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Title: Experimental and numerical investigation of soft impact loading on aircraft materials
Author: Zhou, Jie
ISNI:       0000 0004 6496 6656
Awarding Body: Imperial College London
Current Institution: Imperial College London
Date of Award: 2017
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Bird strike poses a great hazard to aircraft components, such as the engine and windshield, during flight. Thus, it is critical to understand the impact resistance of key aircraft components under bird strike. During this PhD study, Aluminium Alloy 2024-T3 and laminated glass interlayered with thermoplastic polyurethane (TPU), which are commonly used as the materials of the aircraft fuselage and windshield respectively, are selected as impact target materials. Both laboratory-based experiments and finite element simulations are performed using a light gas gun and ABAQUS/EXPLICIT respectively. A good agreement is achieved between the experimental work and numerical predictions for the impact response. Two bird substitute materials were selected: RTV rubber and ballistic gelatine, whose dynamic pressure profiles are similar to that of a real bird during a high speed impact. Mechanical properties of both materials were investigated by conducting compression tests at quasi-static (0.25, 2.5 and 25 min-1) and intermediate rate (2760 min-1 to 22500 min-1). As a result, the relationship between true stress and strain is obtained and constitutive equations are established using the hyperelastic models, i.e. the Ogden, Mooney-Rivlin and Neo-Hookean. The 3D Digital Image Correlation technique was employed in the gas gun test of the AA 2024-T3 and TPU interlayered laminated glass. Thus, the impact compliance of both targets from rubber and gelatine impacts are attained and found to be roughly equal to the same initial projectile momentum. An FE simulation was used to model the experimental process and was validated against the DIC results. Moreover, the Hugoniot pressure plays a predominant role in laminated glass fracture during the impact, with the rubber projectile leading to a larger damage than the gelatine projectile given the same momentum. This is because the shock wave speed in the rubber is larger than that in the gelatine projectile. A validated FE simulation is therefore presented, which can be used to simulate real bird impact on real aircraft structures in the future. Thus, this PhD work can be potentially implemented into industrial research programmes to aid design and optimisation.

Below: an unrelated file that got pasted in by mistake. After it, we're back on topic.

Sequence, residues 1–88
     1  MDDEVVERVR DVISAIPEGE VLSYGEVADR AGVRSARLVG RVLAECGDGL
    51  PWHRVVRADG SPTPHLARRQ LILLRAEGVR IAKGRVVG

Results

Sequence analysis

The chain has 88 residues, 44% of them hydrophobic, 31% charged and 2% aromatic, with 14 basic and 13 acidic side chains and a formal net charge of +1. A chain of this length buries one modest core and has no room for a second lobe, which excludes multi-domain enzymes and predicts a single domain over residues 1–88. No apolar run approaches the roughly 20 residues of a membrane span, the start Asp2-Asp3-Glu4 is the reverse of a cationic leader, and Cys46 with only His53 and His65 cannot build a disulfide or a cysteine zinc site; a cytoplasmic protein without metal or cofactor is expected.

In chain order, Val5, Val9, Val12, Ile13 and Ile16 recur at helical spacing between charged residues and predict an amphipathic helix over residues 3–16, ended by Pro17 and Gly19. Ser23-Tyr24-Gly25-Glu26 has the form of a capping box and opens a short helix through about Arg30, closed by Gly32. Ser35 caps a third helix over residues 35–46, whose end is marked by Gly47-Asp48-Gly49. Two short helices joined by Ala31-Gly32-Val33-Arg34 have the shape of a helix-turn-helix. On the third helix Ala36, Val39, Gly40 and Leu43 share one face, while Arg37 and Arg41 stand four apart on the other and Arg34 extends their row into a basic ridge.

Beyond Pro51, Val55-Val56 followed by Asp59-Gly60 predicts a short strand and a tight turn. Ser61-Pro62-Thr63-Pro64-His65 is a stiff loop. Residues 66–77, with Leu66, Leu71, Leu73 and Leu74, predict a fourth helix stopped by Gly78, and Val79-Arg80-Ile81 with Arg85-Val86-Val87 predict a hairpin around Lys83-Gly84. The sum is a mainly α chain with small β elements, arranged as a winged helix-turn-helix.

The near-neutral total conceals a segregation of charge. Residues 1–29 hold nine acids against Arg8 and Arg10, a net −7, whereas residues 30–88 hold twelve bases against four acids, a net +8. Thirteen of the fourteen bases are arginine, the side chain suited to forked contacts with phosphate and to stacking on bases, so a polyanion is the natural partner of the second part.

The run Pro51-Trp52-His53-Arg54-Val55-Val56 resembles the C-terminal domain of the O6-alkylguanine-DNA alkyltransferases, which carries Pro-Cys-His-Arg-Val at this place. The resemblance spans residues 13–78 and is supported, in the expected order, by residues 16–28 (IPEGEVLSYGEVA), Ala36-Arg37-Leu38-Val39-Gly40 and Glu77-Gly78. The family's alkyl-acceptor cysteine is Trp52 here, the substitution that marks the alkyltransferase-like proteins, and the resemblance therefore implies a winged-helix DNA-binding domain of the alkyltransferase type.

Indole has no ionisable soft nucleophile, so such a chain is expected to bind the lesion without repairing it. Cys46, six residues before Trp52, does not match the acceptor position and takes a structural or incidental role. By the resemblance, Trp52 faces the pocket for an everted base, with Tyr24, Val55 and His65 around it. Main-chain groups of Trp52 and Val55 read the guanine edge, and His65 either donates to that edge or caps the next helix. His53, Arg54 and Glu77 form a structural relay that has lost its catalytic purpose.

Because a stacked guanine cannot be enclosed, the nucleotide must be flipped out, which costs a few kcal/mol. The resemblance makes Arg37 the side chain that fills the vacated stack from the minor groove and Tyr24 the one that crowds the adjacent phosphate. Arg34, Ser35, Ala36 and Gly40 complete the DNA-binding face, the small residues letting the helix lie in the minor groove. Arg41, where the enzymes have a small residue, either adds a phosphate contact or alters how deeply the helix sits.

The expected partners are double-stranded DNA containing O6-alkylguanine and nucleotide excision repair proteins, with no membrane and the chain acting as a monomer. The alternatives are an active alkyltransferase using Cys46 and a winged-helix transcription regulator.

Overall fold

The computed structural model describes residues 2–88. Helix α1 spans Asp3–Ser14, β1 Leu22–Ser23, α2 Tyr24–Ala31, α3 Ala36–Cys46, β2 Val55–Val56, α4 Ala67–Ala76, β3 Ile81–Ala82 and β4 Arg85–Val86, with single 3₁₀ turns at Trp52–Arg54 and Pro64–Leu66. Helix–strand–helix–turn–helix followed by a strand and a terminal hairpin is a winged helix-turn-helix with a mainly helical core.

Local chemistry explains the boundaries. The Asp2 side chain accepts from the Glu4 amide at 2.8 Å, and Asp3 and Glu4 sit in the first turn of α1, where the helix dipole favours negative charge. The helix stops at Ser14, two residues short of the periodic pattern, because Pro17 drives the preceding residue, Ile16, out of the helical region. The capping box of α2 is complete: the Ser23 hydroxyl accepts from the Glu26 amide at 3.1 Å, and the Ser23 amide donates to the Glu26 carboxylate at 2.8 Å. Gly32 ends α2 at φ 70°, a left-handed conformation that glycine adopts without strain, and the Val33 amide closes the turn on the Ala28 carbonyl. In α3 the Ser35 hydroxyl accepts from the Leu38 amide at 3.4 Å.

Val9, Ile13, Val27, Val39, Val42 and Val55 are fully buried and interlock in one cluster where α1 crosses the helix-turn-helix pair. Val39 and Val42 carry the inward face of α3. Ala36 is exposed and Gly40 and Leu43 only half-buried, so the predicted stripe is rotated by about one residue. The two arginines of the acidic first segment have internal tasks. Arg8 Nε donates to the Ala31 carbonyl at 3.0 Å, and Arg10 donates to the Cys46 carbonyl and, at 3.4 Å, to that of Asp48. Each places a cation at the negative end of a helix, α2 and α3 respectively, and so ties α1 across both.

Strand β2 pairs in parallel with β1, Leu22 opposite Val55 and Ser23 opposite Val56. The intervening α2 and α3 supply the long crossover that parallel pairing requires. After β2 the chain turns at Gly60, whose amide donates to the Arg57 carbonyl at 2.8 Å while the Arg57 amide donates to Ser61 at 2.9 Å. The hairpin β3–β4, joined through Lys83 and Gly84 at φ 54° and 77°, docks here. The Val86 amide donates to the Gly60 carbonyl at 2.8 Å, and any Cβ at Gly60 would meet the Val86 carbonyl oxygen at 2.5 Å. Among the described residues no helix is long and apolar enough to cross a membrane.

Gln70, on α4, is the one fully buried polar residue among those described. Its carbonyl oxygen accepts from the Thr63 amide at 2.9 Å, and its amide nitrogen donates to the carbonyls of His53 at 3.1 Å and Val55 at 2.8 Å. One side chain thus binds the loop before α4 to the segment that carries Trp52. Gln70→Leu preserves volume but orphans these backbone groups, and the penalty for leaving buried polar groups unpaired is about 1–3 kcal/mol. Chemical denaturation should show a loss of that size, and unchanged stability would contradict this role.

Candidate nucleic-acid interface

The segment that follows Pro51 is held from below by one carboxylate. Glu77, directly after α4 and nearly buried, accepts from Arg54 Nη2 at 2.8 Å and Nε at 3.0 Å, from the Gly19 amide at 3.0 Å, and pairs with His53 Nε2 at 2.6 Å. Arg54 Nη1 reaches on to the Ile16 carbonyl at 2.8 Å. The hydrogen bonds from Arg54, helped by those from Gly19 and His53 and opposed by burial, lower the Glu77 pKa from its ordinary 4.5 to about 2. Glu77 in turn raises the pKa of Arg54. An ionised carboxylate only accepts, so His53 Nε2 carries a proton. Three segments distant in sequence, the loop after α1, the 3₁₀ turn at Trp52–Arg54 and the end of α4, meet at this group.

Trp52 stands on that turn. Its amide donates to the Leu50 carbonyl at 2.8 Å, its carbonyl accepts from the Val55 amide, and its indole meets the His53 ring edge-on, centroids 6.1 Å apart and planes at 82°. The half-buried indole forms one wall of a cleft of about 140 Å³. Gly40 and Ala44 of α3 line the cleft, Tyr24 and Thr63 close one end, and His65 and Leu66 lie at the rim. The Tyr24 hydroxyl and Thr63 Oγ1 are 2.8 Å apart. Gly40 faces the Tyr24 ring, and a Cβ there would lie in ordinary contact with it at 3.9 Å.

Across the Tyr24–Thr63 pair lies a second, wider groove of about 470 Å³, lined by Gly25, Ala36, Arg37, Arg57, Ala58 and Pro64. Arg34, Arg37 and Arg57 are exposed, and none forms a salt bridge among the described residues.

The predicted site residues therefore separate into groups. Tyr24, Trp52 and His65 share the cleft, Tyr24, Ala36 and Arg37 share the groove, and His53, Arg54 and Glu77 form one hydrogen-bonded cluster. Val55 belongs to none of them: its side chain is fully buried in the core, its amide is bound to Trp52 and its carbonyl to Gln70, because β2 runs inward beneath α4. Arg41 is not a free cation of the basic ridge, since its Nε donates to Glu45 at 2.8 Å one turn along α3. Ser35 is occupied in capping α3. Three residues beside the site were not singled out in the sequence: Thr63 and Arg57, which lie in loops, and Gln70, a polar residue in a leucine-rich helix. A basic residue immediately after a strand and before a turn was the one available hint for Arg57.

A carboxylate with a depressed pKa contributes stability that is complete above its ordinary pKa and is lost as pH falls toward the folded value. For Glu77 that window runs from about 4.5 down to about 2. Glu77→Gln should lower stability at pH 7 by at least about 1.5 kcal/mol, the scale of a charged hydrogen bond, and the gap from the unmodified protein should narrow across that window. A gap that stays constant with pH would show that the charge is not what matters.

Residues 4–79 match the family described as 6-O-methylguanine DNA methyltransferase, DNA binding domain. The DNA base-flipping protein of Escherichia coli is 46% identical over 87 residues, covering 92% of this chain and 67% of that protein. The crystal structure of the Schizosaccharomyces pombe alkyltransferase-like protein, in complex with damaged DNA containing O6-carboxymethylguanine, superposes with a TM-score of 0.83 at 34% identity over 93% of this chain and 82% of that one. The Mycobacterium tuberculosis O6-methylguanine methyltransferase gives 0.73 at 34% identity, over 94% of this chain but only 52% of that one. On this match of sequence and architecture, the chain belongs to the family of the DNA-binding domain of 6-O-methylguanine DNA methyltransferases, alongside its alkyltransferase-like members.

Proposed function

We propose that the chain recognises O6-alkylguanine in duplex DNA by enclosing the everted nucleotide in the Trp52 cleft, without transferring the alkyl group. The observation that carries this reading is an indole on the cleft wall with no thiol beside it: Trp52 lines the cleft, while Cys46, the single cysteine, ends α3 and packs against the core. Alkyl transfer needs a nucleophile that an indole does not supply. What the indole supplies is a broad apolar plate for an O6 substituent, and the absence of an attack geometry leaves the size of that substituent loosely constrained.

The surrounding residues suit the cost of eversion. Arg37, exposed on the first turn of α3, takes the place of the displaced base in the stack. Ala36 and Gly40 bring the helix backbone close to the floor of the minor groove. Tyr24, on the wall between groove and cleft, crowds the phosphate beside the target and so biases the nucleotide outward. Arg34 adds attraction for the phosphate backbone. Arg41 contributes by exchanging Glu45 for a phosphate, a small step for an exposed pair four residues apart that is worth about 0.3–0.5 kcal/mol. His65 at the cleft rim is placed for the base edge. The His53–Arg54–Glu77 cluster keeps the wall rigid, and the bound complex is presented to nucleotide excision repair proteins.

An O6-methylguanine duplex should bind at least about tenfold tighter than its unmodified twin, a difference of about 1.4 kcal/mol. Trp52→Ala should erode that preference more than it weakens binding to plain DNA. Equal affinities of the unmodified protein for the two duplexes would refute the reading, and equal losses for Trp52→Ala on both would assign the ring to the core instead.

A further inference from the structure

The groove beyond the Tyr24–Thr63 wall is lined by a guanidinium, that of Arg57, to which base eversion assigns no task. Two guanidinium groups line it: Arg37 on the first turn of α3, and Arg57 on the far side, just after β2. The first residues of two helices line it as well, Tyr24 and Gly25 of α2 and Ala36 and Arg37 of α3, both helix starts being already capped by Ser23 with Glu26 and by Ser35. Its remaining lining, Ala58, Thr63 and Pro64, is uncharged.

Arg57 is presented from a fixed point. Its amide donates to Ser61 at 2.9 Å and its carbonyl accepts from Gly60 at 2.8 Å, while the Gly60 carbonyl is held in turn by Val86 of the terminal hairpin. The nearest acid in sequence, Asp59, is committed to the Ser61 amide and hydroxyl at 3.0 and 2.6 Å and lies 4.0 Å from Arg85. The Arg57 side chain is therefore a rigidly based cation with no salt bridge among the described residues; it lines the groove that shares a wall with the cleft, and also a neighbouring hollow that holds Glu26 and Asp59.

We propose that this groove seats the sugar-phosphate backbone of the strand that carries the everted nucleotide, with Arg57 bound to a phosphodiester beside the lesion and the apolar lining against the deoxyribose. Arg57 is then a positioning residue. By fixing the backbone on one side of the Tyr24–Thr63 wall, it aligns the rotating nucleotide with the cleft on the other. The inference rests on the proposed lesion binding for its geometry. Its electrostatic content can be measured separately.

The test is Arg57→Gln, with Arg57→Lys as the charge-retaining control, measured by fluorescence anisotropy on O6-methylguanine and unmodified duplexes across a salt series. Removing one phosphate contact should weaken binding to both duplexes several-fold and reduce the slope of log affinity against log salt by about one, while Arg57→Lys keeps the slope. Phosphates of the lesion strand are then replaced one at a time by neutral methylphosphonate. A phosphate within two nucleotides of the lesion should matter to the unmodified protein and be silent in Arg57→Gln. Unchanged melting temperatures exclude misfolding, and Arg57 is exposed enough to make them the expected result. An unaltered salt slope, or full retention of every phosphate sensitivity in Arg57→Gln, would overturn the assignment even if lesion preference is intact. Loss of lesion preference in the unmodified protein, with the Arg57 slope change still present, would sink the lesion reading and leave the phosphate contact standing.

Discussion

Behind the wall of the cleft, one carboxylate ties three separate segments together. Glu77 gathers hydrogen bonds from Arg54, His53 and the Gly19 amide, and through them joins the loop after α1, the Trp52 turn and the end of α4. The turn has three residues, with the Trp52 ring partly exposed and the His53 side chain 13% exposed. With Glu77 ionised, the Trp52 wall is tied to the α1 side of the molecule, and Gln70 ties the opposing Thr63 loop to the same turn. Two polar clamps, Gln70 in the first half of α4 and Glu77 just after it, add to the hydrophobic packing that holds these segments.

Supervisor: Charalambides, Maria ; Dear, John Sponsor: Aviation Industry Corporation of China
Qualification Name: Thesis (Ph.D.) Qualification Level: Doctoral